Educators See Technology as Vital to Pandemic Recovery
Nearly nine in 10 educators believe that the need for technology in schools will increase in the next three years, according to a new survey released by the University of Virginia and the EdTech Evidence Exchange. Conducted as schools and districts navigate their response to the COVID-19 pandemic, the survey also found that an overwhelming majority of teachers and administrators (82 percent) expect students to need more personalized instruction this fall to mitigate the impacts of the crisis on the learning experience.
“The results of this research underscore the critical role that technology must play in helping schools provide individualized — and equitable — instruction in the coming months,” said Dr. Robert Pianta, Dean of the University of Virginia’s School of Education and Human Development and chair of the EdTech Evidence Exchange. “In the wake of the pandemic, it’s become more urgent than ever that we work to better understand what technologies work in what contexts — so that schools and districts can select and implement edtech in ways that can improve learning outcomes, and mitigate persistent racial and socioeconomic disparities.”
The survey of a national sample of educators, including nearly 800 teachers and administrators, conducted as the 2019-2020 school year ended, found that 86 percent of respondents expect the need for education technology to increase in the coming three years. When it comes to learning how to use that technology, teachers tend to rely primarily on their instincts and their peers. The most common source of training for remote instruction, reported by 59 percent of educators, was informal, self-initiated professional learning. In addition, a majority of educators said that a source of information they want most for edtech decision-making is “educators working in contexts similar to mine.”
“Educators agree that we need technology now more than ever. But neither teachers and administrators, nor schools and districts, have the information they need to figure out what edtech tools will work best in their unique contexts,” said Verna Lalbeharie, co-chair of the EdTech Genome Steering Committee, and Managing Director of Digital Age Personalized Learning at the American Institutes for Research.“Facilitating better peer-to-peer learning, and connecting educators who work in similar contexts to learn from each other, may be effective strategies to support teacher’s use of edtech as a tool for learning.”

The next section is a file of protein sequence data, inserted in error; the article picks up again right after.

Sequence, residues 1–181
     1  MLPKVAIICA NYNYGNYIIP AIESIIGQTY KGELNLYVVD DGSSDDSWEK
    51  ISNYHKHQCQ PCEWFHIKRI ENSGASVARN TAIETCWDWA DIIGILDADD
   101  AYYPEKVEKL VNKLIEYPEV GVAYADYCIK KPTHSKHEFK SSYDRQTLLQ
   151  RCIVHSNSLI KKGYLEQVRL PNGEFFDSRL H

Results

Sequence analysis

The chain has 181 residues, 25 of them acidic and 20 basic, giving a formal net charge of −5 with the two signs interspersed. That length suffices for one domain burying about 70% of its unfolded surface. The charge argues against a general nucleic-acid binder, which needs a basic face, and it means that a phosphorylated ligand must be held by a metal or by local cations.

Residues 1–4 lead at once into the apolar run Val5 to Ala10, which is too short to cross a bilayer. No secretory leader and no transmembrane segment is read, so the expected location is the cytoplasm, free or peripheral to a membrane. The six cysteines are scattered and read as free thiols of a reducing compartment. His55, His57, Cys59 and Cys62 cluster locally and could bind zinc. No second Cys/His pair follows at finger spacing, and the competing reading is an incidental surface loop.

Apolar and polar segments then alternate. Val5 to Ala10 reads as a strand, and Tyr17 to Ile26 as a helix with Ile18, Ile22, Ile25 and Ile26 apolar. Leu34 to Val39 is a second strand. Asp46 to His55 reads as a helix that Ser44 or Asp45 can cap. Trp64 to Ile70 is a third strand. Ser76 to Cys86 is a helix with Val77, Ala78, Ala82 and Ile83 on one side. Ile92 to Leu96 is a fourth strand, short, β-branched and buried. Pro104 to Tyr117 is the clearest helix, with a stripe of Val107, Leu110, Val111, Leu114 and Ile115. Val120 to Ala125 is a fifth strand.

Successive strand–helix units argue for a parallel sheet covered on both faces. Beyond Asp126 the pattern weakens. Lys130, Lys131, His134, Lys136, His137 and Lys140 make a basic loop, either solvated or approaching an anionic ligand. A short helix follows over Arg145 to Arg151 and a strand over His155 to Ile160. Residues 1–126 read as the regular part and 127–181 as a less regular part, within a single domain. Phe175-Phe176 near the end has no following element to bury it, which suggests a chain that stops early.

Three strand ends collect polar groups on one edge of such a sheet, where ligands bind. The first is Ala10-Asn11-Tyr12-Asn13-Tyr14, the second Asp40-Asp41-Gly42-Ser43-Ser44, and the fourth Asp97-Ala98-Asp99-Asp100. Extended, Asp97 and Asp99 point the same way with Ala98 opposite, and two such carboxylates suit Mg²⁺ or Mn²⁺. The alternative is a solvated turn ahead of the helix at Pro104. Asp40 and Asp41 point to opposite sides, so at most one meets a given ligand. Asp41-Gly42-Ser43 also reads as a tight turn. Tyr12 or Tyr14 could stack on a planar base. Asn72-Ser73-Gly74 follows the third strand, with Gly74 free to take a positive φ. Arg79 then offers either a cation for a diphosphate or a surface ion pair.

“The pandemic has exacerbated the country’s long-standing struggle to use education technology in ways that are not only effective, but equitable,” said Keith Krueger, co-chair of the EdTech Genome Steering Committee, and CEO of the Consortium for School Networking (CoSN). “Technology may be among the most promising lifelines we have to navigate our recovery from COVID-19, but that won’t happen unless we equip educators and administrators with a better understanding of what works, where, and why.”
The EdTech Evidence Exchange, a nonprofit affiliated with the University of Virginia Curry School of Education and Human Development, is working with schools and districts around the country to create a framework for better edtech decision-making. Backed by philanthropic and social impact organizations including the Chan Zuckerberg Initiative, Strada Education Network, and Carnegie Corporation of New York, the Exchange has brought together more than 100 influential education research and advocacy organizations to better understand what education technology tools work, where, and why — and put an end to billions of dollars in wasted spending on ineffective edtech.
“The disparate impacts of the COVID-19 pandemic are exacerbating long-standing issues of equity in education — and creating an unprecedented need for personalized, individualized instruction to remedy months of lost learning,” said Bart Epstein, CEO of the Exchange and Research Associate Professor at the University of Virginia. “Millions of students, particularly those in low-income communities, have received limited or no instruction over the past five months, while many of their better-resourced peers continue to make academic progress. But educators can’t close that gap alone. Well-chosen, thoughtfully implemented education technology may be our best chance to ensure that all students get the instruction they need, both during and after this crisis.“
To learn more about the survey, download the results here.
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